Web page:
I could sense the worry in his voice.
The first thing he asked about was what goals he needed to have so that he could stay at his current location rather than being moved to the new facility. Rather than going elsewhere, he would rather come home.
David is still too volatile to bring home. We don’t know from minute to minute how he is going to be. He can be good for a week or two, and then turn violent or aggressive with little notice. He needs so much attention that they have one person staffing him. They change this person roughly every three hours. If that is the case, how could I possibly hope to handle him at home?
So we talked about goals. I told him that he needs to develop his own goals. I could offer advice, but ultimately the goals are his.
In the end, he came up with regroups. A regroup is what he has to do if a situation escalates to the point where he is on the verge of being out of control. He knows when that point is. I explained that we hear in staffing how he has to be continually prompted about behaviors. And to take regroups. I told him that if he could take a regroup without prompting, and do it consistently, then we could work on other goals.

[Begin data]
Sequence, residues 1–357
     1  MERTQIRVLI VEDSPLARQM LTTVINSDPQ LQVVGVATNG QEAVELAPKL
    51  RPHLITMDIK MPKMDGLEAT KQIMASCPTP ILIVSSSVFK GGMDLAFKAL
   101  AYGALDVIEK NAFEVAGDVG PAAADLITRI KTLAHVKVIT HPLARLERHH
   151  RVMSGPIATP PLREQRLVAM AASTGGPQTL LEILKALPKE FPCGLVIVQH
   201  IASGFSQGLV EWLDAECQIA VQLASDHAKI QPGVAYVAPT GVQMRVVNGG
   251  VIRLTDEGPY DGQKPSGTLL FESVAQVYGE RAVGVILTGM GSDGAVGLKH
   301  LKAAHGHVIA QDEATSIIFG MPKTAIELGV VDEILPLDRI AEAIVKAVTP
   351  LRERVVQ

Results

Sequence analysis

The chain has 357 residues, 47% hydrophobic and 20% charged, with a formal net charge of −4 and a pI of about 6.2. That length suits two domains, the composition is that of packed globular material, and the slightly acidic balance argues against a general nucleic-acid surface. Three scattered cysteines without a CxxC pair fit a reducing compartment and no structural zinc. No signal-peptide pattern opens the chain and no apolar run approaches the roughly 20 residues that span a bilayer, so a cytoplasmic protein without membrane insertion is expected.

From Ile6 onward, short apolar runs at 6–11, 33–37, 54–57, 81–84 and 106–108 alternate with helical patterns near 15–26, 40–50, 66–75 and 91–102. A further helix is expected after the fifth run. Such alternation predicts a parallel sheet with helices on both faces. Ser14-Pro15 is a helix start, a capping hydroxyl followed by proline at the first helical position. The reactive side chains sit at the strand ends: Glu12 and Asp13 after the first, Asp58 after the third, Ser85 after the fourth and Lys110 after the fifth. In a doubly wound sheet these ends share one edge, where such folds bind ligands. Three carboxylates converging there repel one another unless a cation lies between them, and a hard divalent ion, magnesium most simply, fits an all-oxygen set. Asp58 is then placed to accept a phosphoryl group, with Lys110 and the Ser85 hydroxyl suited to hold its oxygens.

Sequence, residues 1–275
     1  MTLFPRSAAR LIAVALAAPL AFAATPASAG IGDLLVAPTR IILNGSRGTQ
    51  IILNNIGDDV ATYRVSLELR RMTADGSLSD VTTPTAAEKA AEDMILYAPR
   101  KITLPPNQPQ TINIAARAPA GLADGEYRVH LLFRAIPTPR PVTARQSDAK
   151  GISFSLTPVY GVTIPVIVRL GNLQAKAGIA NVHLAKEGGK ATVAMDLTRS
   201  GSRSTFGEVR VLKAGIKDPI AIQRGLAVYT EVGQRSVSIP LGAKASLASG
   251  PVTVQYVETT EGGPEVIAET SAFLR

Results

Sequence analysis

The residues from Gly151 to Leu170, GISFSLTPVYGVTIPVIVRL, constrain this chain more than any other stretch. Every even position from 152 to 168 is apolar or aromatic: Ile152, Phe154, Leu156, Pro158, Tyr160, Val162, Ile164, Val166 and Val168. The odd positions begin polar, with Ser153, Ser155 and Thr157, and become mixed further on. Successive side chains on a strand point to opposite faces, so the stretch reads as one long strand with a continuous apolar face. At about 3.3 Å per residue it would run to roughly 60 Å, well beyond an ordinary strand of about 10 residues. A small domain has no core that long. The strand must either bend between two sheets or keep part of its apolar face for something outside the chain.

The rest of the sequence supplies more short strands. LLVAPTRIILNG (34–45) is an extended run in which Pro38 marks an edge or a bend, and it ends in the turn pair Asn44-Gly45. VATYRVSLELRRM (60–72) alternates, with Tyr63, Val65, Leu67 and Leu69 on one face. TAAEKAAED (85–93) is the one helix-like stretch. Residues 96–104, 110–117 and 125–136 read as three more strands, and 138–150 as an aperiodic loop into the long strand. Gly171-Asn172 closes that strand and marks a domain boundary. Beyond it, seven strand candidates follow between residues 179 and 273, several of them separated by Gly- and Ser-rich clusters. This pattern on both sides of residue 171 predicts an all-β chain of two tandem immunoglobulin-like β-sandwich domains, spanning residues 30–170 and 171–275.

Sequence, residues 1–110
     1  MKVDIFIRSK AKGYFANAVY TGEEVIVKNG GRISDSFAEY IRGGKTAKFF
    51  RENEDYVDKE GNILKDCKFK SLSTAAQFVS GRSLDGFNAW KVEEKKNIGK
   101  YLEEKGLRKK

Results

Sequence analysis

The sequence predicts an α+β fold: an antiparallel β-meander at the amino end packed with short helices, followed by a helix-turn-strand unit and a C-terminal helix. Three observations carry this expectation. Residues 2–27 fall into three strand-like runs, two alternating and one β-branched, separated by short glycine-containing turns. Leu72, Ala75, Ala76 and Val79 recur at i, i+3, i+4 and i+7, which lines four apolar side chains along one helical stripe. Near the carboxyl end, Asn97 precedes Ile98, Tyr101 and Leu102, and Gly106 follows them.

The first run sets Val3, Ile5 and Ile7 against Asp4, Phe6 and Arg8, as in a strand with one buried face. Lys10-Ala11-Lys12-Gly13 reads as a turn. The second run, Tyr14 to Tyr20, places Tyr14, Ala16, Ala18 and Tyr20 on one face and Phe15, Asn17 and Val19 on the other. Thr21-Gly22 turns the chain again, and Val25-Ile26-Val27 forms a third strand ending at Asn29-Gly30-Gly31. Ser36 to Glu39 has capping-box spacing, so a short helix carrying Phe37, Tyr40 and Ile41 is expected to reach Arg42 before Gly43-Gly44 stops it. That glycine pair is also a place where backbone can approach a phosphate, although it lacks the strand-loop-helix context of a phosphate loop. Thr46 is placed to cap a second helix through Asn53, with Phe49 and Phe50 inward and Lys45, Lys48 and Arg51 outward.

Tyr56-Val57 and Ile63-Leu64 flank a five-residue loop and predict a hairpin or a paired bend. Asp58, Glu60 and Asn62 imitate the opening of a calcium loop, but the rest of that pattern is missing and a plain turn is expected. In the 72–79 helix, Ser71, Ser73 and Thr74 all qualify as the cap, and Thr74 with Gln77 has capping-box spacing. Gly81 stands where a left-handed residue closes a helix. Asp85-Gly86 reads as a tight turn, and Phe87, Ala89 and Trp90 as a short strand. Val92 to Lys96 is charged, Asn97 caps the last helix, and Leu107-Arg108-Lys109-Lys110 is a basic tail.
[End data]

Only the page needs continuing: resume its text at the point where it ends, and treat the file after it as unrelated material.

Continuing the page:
In the end, I fear that he was left with the impression that he was coming home. Sadly, that isn’t the case, and it broke my heart explaining to him that he has to work his program before he can come home.
We have his monthly staffing on Monday.
On Thursday evening, i drafted an email to his social worker, and his care coordinator letting them know about our conversation. I explicitly stated that we were not in favor of moving David.
A portion of the response that I received from the staff…
The main reason we want David to go to the other facility is because they can provide the low stimulus environment and we think that may be a key in treating him.
Note: I substituted “the other facility” for the name of the facility that is recommended.